Three elderly distinguished gentlemen are searching for some excitement in their boring bourgeois lives and get in contact with one of count Dracula's servants. In a nightly ceremony they ... See full summary »
A young man, Paul Carlson, is on a trip and spends the night at count Dracula's castle. Needless to say, he is murdered. After some time has passed, the young man's brother Simon comes to ... See full summary »
Roy Ward Baker
After Jonathan Harker attacks Dracula at his castle (apparently somewhere in Germany), the vampire travels to a nearby city, where he preys on the family of Harker's fiancée. The only one ... See full summary »
In London in the 1970s, Scotland Yard police investigators think they have uncovered a case of vampirism. They call in an expert vampire researcher named Van Helsing (a descendant of the ... See full summary »
Two night club owners find themselves in trouble with the law. One of them goes to his English Lord brother for help, and the Lord is later murdered. He swaps places with his dead brother to solve the murder.
Count Dracula journeys to a remote Chinese village in the guise of a warlord to support six vampires who are dispirited after the loss of a seventh member of their cult. At the same time, ... See full summary »
In the 1890s a team of British archaeologists discover the untouched tomb of Princess Ananka but accidentally bring the mummified body of her High Priest back to life. Three years later ... See full summary »
Three elderly distinguished gentlemen are searching for some excitement in their boring bourgeois lives and get in contact with one of count Dracula's servants. In a nightly ceremony they restore the count back to life. The three men killed Dracula's servant and as a revenge, the count makes sure that the gentlemen are killed one by one by their own sons. Written by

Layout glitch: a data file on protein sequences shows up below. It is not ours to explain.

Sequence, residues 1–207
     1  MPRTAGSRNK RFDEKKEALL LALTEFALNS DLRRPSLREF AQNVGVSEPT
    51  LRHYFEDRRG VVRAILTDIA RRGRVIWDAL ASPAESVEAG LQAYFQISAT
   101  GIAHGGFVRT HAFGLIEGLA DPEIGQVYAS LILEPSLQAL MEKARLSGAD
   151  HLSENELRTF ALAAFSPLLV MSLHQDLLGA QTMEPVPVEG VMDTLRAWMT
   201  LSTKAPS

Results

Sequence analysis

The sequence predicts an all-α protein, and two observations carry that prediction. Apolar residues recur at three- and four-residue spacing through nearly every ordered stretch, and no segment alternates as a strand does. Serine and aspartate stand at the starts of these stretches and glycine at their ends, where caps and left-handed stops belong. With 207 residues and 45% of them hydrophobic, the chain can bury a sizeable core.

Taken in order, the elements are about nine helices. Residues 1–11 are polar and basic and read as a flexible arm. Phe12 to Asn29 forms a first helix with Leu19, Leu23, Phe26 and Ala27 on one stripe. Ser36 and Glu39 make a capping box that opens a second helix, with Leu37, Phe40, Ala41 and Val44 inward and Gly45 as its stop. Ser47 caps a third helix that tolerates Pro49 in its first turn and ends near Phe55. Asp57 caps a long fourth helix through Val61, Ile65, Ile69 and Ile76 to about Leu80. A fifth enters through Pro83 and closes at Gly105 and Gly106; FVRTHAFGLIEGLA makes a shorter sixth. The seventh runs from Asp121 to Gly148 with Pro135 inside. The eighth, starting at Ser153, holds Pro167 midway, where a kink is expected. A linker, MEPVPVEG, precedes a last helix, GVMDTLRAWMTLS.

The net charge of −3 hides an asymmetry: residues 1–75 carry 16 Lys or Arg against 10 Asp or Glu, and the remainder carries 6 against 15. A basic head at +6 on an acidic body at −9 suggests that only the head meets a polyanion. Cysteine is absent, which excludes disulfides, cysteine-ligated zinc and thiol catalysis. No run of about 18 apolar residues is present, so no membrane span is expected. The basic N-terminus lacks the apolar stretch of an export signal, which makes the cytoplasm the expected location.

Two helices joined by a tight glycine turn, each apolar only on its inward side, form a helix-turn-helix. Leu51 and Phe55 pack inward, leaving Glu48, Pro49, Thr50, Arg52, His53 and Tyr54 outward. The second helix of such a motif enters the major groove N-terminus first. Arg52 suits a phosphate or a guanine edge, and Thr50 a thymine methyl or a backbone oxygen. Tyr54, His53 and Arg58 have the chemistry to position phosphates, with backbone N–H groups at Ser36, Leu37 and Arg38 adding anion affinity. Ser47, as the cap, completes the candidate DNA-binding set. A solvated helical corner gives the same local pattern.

Les Bowie was asked to the special effects but was busy (source Hammer Unsung Heroes by Wayne Kinsey). See more »
During the prologue Weller hears a series of earsplitting, bloodcurdling screams, which lead him to witness Dracula's demise. However, whilst impaled on the cross during Dracula Has Risen From The Grave, the Count makes little in the way of noise - gasps rather than ear-piercing shrieks capable of pervading through the dead of night. See more »
This is a gorgeous-looking film to behold. It is absolutely glowing with Victorian richness and gothic beauty.
As for the story itself, it's another weak one. It starts out admirably with a group of thrill-seeking businessmen purchasing the powdered remains of Dracula and joining the eccentric Ralph Bates in an unholy ceremony wherein Dracula is revived via the death of his servant. When the resurrected Count angrily warns: "They have destroyed my servant...they shall be destroyed!" all credibility as to his motives go out the window; Dracula could not be renewed without his servant's death, so why the desire for revenge? Why does he even care about a peasant like that?
Dracula was not originally intended to be in the story, so he appears to be out of place. Chris Lee's screen time is again brief, and he's not given much to do except be the orchestrator for revenge as he makes the children of the businessmen kill their parents for him.
The film, as stated earlier, is beautiful to behold and still fun to watch despite the Dracula flaws described above. Lee kept vowing never to play the part again sequel after sequel, yet he still hung on for the next few.
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